Someone sent me a link to this year’s IMO questions this afternoon at work, and the first one caught my eye because it looked like a relatively straightforward functional equation question: find all such that . I’ve seen enough of these in my time to know how to go about them, and it didn’t take me long to find a solution on paper. I then had to go to a meeting, but half way through when I didn’t have anything else to contribute I idly started formalising my solution in Lean.
Now formalisation is hard, so I knew I would end up getting bogged down in details and things which looked straightforward on paper would end up messy. At some point someone divides by 2, that looks a bit problematic with the integers, and then there’s some integer induction — I kept waiting to get to the place where it was all going to go horribly pear-shaped.
But that place never came. Powerful tactics like
ring , the
conv mode, and a sensible induction procedure for the integers meant that the Lean proof flowed just as the paper proof had done. Here it is! That’s a link to the source code, which you can cut and paste into a local Lean project if you have Lean installed on your computer, or you can even inspect it online here if you can face the 30 second wait while a transient version of Lean installs itself on your computer in order to make it work. It probably took over half an hour, but under an hour, to finish the formalisation of that IMO question (i.e. time spent at the computer). Of course the question is not too hard — but that’s not the point.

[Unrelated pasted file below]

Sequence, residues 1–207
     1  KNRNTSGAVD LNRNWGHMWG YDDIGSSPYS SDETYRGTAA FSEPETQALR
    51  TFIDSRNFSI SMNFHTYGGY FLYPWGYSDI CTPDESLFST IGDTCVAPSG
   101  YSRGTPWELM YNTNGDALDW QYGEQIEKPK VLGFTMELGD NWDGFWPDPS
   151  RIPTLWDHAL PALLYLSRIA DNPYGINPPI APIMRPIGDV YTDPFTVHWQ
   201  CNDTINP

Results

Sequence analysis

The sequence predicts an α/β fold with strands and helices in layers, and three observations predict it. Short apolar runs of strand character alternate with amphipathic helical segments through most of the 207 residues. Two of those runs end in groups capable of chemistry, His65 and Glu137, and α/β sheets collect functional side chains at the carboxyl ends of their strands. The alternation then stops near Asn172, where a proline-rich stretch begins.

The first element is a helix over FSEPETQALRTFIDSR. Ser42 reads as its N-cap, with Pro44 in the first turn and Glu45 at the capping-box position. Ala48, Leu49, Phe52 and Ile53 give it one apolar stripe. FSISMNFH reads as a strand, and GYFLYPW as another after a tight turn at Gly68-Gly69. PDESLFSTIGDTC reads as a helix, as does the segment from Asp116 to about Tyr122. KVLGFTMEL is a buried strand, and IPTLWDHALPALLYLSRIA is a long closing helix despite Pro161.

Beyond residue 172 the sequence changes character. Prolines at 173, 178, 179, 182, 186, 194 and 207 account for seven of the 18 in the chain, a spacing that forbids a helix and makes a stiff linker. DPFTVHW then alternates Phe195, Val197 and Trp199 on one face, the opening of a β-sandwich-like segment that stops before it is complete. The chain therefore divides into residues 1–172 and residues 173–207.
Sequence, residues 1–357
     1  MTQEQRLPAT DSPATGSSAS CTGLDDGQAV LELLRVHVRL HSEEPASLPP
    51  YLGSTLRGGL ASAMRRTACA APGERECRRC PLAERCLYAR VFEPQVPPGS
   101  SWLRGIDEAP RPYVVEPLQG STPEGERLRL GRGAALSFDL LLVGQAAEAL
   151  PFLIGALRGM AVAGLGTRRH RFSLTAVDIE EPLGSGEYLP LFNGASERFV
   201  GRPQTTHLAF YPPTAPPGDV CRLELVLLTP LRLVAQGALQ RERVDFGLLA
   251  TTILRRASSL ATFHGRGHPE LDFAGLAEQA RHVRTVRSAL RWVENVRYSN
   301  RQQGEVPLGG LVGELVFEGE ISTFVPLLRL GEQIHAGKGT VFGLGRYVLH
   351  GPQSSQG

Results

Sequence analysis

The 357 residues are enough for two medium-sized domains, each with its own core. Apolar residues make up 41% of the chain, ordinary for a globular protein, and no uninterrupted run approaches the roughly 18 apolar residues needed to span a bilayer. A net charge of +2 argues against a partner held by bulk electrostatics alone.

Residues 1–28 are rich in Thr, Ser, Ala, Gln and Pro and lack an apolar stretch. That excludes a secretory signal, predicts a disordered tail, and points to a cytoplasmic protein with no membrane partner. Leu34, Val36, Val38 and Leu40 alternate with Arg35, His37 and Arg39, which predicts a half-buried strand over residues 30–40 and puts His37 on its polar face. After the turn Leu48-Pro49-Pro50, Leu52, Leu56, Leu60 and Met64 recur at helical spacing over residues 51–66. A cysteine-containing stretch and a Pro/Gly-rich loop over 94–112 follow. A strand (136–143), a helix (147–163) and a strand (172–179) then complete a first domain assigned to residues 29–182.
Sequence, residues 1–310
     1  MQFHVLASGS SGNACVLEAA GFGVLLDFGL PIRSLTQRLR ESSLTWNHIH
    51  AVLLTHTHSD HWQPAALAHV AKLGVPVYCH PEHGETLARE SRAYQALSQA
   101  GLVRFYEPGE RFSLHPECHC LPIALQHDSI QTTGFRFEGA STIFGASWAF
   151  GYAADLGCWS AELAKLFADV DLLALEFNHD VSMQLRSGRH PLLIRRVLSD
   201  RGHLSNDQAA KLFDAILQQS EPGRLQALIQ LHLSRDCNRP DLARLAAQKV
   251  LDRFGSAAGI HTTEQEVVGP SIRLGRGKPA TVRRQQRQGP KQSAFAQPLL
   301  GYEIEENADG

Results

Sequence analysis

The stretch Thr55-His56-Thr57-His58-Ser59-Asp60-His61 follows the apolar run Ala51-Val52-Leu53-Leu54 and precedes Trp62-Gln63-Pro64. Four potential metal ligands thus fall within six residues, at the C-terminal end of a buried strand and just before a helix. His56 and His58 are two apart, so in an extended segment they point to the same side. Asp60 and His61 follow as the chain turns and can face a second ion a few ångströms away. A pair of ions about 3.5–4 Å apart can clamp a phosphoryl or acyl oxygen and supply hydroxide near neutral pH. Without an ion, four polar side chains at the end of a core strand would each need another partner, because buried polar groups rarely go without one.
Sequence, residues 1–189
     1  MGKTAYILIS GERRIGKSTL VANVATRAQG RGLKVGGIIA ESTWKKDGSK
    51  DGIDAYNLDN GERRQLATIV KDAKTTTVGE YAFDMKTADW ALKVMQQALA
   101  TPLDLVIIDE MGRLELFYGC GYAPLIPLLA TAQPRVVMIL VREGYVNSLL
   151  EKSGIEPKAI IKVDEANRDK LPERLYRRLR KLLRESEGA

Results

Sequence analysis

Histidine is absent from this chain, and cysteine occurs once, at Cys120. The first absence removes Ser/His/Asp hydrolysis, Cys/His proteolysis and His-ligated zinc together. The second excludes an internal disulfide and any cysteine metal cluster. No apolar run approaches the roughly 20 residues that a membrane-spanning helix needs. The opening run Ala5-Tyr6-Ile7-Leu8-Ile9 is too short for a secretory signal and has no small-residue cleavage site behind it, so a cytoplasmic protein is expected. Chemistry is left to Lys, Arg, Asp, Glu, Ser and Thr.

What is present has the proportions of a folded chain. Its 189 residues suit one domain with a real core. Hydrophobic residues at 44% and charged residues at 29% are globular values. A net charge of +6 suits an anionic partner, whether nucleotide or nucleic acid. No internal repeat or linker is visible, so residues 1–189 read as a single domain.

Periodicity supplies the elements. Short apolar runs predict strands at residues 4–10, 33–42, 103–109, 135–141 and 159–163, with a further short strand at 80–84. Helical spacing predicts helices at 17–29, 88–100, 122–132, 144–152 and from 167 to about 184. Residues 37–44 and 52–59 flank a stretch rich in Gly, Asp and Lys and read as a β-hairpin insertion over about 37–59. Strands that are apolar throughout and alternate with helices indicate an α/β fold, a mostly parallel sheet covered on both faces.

The point is this. Before I got into the formalisation business, it was “obvious” to me that formalising questions like this should be easy. When I actually started, it became very clear to me very quickly that formalising IMO questions would be very hard, because formalising anything with content is hard. But the nice surprise is that actually, once one has a grip on formalisation, if one is working in an area which is “sufficiently close to the axioms” like elementary number theory or algebra, maybe nowadays in Lean it really is becoming as easy as I always “knew” it would be.
PS soon to appear on the wall at the Royal Academy of Art: